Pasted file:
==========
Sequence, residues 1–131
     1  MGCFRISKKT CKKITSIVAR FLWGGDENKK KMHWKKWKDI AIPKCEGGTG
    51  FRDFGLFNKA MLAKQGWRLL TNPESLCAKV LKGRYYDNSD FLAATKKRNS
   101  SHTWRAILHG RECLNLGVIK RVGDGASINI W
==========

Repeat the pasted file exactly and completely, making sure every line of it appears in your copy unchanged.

Sequence, residues 1–131
     1  MGCFRISKKT CKKITSIVAR FLWGGDENKK KMHWKKWKDI AIPKCEGGTG
    51  FRDFGLFNKA MLAKQGWRLL TNPESLCAKV LKGRYYDNSD FLAATKKRNS
   101  SHTWRAILHG RECLNLGVIK RVGDGASINI W